AFRICANGLOBE – Recently, Kenya tapped the China National Nuclear Corporation to review options and identify a viable site at which to set up Kenya’s first nuclear power plant. Currently, approximately 68% of Kenya’s total energy consumption is wood fuel and biomass dependant, 22% petroleum, 9% electricity, and 1% others. Low electricity access has driven the Kenyan government’s target to increase electricity connectivity to at least 65% by the year 2022.
According to the World Bank, about six in African countries lack access to electricity. Also, per the International Energy Agency, over 800 million people in Africa do not have access to electricity, with over 700 million Africans using dirty and potentially hazardous fuels to cook, mostly inappropriate solid biomass. With these levels of energy poverty, it is imperative that a stable and sustainable form of energy source is found and leveraged.
Towards diversifying its energy sources, in September 2015 Kenya signed an MOU with China to facilitate plans for commissioning a nuclear power station with a capacity of 1000 MW by 2025, and up to 4000 MW by 2033, as a means to make nuclear electricity “a key component of the country’s energy” production. In December 2018 the Kenyan government launched the Kenya National Electrification Strategy in partnership with the World Bank to map the way to achieving universal access to electricity for all Kenyans by 2022. Reliable, competitively priced, safe and sustainable energy lies at the heart of powering Kenya’s Vision 2030 in the long run and more immediately, the Big Four Agenda priorities: affordable housing, manufacturing, food security, and universal healthcare.
Kenya’s population continues to grow and consequently the energy deficit. Kenya is projected to need 16,000MW by 2030. While the exploitation of coal, gas, geothermal and wind energy sources is expected to raise electricity production to 7000MW, nuclear power will hopefully multiply that further and decrease the apparent energy deficit. At the same time, as with most African countries, Kenya has pledged to the reduction of greenhouse gases under the Paris Agreement on Climate Change. Nuclear power presents a carbon neutral energy option. As an energy source, nuclear power’s benefits include its clean nature, reliability, use of uranium to fuel it; a low operating cost; no intermittence; an average life of 40-60 years; reduction of fuel importation dependency and providing climate change buffer. Currently in Africa, only South Africa operates a commercial nuclear power plant. Therefore, if construction begins by 2024 as anticipated, Kenya will be the second country in Africa.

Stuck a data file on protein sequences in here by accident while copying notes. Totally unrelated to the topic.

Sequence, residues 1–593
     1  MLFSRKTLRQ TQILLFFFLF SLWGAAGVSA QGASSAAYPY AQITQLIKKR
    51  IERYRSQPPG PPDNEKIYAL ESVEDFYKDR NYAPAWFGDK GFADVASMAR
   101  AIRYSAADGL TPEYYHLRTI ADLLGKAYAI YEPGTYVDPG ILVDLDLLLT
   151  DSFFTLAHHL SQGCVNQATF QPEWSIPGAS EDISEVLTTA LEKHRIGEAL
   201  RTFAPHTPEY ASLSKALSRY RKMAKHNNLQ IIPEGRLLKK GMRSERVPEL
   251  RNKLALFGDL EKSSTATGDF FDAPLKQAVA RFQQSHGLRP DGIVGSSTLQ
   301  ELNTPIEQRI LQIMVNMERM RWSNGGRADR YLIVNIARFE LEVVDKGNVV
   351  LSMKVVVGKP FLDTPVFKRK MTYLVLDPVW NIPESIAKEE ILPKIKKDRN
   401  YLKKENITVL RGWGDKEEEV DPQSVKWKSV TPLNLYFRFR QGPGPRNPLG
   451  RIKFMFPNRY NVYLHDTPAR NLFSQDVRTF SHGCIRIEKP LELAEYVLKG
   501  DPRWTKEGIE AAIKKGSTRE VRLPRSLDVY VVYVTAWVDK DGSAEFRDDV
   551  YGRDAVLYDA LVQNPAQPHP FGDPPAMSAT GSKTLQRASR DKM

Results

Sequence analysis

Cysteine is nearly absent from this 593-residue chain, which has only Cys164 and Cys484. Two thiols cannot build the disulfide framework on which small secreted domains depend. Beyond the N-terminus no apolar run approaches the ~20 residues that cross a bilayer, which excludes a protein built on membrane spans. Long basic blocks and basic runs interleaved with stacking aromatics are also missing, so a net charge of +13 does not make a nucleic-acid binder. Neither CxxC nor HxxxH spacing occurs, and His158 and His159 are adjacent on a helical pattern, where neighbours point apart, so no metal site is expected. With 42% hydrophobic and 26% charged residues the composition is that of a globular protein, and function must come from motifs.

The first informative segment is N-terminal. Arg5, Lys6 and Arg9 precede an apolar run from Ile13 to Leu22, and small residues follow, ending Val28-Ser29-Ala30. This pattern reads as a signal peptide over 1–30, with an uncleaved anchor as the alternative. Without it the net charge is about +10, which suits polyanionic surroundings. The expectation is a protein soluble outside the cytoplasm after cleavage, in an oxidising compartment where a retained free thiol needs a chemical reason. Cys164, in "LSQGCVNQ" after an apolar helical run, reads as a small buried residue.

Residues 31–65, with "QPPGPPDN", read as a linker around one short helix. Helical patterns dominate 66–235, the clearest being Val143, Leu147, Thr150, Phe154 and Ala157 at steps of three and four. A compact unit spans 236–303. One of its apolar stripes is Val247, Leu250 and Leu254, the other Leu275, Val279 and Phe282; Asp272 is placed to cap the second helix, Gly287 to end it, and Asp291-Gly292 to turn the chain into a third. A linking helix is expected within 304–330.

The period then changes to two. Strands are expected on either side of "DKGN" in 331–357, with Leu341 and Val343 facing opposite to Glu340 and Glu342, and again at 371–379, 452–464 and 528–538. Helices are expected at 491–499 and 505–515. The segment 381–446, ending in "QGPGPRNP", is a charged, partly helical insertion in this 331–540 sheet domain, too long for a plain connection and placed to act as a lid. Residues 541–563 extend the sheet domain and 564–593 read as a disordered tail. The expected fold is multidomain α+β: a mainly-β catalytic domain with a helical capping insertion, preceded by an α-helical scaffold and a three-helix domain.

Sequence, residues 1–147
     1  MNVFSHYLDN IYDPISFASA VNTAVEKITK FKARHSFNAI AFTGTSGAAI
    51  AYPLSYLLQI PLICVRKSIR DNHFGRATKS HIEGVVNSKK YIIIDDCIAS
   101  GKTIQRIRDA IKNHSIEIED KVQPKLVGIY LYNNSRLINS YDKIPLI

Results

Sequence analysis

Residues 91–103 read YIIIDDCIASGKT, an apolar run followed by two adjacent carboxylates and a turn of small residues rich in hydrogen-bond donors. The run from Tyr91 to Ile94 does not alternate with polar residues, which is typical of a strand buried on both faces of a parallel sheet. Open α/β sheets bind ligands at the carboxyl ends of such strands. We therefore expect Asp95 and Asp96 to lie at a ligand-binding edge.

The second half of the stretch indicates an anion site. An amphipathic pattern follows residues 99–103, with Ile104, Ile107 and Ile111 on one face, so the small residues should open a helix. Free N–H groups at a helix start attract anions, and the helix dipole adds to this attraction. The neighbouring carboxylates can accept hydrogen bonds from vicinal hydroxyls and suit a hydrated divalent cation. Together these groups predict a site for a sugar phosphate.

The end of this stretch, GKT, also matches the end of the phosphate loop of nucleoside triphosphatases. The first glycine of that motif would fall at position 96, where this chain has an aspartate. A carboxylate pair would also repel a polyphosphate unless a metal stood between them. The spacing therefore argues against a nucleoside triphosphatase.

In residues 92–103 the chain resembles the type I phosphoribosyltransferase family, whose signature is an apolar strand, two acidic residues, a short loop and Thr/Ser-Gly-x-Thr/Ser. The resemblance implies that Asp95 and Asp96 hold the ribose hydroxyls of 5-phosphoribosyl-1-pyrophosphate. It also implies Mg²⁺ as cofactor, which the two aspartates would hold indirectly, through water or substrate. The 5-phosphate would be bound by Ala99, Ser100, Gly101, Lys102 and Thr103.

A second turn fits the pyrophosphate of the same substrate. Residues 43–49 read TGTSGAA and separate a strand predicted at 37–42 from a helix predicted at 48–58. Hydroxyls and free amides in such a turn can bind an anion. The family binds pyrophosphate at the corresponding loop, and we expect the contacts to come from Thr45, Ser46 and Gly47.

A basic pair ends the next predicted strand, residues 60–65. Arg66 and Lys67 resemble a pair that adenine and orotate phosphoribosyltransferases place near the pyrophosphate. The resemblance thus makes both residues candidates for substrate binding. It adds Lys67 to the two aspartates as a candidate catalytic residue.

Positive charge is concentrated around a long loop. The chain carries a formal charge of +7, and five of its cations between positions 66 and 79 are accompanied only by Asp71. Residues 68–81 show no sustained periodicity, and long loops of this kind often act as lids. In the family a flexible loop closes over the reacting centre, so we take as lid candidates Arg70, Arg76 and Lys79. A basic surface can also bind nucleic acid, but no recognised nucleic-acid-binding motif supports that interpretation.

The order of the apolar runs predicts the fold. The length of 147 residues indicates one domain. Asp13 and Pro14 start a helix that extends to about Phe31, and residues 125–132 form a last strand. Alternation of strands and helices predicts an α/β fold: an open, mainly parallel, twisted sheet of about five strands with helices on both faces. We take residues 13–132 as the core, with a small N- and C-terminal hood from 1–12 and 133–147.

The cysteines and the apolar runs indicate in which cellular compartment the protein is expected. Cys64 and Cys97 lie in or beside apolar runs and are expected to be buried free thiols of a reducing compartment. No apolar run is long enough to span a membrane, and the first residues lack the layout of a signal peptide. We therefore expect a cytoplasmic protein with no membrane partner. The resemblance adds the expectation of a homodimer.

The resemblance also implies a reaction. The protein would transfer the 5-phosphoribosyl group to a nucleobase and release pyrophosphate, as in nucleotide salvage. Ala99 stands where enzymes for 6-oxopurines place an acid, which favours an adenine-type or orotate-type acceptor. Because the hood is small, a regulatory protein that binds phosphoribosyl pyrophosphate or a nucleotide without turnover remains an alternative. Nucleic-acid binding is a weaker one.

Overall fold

China is all too familiar with the pressures of population growth as balanced with environmental conservation obligations. In addition, having itself tapped into nuclear power production, China is familiar with all that goes into setting up, operating, maintaining and decommissioning a nuclear power plant in accordance with world safety standards. China currently operates 46 nuclear reactors with a 42.8GW capacity and has 11 more under construction to offer 10.8GW capacity.
China has in recent years developed into Africa’s largest trade partner. Similarly, China is viewed as a partner in infrastructure projects. China’s contribution under the 2015 MOU was envisaged to include training and skills development, technical support in areas such as site selection for Kenya’s nuclear power plants, and feasibility studies. Kenya’s Nuclear Power Programme, which is run by the Nuclear Power and Energy Agency (NuPEA), can variously benefit from the Chinese experience. For instance, per NuPEA, it is estimated that building a single nuclear power plant capable of producing 1,000MW would cost between Ksh 500 – 600 billion (USD 5-6 billion).
China is a valuable finance partner in this regard. Further, in order to offload the power produced by a nuclear power plant, it is recommended that the receiving grid possess ten times the nuclear power plant’s capacity. Kenya’s grid currently operates at 2400MW and would therefore require expansion to a capacity of 10,000MW to accommodate the 1000MW produced by its first nuclear power plant. This presents a further opportunity for China’s support for Kenya’s nuclear power project. China is also currently experimenting with new technology in the form of small modular reactors which produce 300MW per unit and whose major parts can be factory manufactured and easily transported to construction sites. Kenya would likewise benefit from lessons learnt from China in this regard. In addition, as China looks to export nuclear power technology under its BRI, Kenya presents a potential market.
There are various other challenges around nuclear power production including: the associated high capital costs, the long lead times associated with the planning and construction, waste disposal concerns, driving up public acceptance, creating an enabling regulatory environment and the risk of weaponization. All these are areas for shared learning between Kenya and China, based on China’s own advanced experience with nuclear power production.
According to NuPEA, the anticipated benefits to Kenya’s economy include: the multiplied effect of competitively priced electricity and the associated increased economic activities; employment opportunities for local communities during the construction, operation, maintenance and decommissioning of the power plant; sustainable development facilitated by reduced greenhouse gas emission; and the growth of specialized industries and associated specialized training in terms of the relevant equipment. As a developing country looking to enable and accelerate industrialization, it is exciting that Kenya is now at the phase where China is reviewing the Indian Ocean, Lake Victoria and Lake Turkana as top viable sites to host Kenya’s first nuclear power plant.
By: George Nyongesa